Kumquats: the perfect combo

A+celebration+befitting+a+wonderful+fruit.
A celebration befitting a wonderful fruit.

A celebration befitting a wonderful fruit.

Photo provided by authenticflorida.com

Photo provided by authenticflorida.com

A celebration befitting a wonderful fruit.

Sandy Hutchins, Sports Editor

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In the last installment of the fruit series I discussed the delectable orange as one of the best fruits. I am back once again and this time I am going to talking about another fantastic orange fruit, the kumquat or cumquat for my Australian readers out there. Let’s kick things off with the story behind the unique name that kumquats have. Kumquat is derived from the Cantonese gam-gwat which translates to golden orange. This reinforces the idea that the kumquat is just as prestigious as an orange.

One variant of the kumquat, the round kumquat, symbolizes good luck in China and other Asian countries. This fruit, just like the orange, is native to south Asia and appears in Chinese literature as early as the 12th century. These fruits have been grown in India, Japan, Taiwan, the Philippines, and southeast Asia. In 1846 the heroic man Robert Fortune brought these sweet yet tart fruit over to Europe doing his duty as a collector for the London Horticultural Society, a gardening charity that encourages horticulture through flower shows. The kumquat capital of the world is coincidentally in St. Joseph, Florida. Kumquats also hold a special place in Florida, as every year Dade City throws a kumquat centered festival in January and attracts thousands of kumquat lovers from across the world.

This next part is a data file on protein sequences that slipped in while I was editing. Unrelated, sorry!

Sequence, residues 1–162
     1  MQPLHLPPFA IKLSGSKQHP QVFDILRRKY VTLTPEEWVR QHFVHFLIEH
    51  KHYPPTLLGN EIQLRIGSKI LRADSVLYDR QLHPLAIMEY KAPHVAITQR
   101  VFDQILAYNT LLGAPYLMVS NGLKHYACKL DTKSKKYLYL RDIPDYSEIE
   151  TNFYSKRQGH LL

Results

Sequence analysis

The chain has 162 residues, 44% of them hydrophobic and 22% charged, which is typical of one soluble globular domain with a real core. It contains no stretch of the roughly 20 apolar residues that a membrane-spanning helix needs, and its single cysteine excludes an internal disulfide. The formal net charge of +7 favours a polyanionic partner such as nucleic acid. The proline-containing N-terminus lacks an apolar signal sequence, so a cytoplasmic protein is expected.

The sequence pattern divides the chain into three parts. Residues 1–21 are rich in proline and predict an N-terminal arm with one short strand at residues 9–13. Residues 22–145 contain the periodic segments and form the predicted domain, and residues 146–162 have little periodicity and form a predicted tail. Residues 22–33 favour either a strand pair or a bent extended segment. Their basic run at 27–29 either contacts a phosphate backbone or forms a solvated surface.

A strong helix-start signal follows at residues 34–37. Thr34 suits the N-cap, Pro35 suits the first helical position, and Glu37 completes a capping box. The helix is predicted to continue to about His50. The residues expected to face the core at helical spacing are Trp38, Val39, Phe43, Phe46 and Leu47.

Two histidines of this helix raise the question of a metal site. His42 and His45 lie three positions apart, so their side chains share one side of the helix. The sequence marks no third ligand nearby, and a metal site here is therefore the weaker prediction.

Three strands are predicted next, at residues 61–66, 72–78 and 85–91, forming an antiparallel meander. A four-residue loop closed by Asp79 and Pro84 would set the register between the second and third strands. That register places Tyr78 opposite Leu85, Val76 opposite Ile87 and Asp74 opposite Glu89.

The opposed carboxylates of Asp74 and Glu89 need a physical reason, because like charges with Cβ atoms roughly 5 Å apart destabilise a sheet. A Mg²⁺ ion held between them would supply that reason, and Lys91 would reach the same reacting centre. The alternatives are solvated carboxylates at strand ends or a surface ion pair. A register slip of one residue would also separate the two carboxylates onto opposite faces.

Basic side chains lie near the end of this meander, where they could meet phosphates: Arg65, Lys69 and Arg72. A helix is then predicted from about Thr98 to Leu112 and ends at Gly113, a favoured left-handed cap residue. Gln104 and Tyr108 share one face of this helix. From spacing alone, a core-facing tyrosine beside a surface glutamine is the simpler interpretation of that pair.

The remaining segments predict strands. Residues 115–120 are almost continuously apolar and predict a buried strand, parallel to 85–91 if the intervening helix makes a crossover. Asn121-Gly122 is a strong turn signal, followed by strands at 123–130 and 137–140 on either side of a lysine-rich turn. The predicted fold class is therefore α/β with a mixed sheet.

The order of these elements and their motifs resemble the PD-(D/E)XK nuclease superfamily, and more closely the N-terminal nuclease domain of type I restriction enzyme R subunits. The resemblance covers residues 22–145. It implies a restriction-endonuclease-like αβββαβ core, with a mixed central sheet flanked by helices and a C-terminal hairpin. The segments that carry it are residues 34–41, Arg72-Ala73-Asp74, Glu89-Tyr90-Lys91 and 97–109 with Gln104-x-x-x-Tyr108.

One of my personal favorite fruits are grapes because of their size and flavor. They are easy to eat with no peeling and are perfectly bite sized. They are candy of the fruit world. I also love oranges for their flavor of sweetness mixed with a bit of tartness. The kumquat is such a fantastic fruit because it takes the elements of both of these fruits and combines them. A kumquat has a flavor similar to an orange and the ease of access of a grape as the oval kumquat is eaten skin and all as the skin is sweet with a sour inside.

While the kumquat may not carry the prestige or popularity the orange does, make no mistake; the kumquat is as good, if not better, than its larger cousin in the citrus world.

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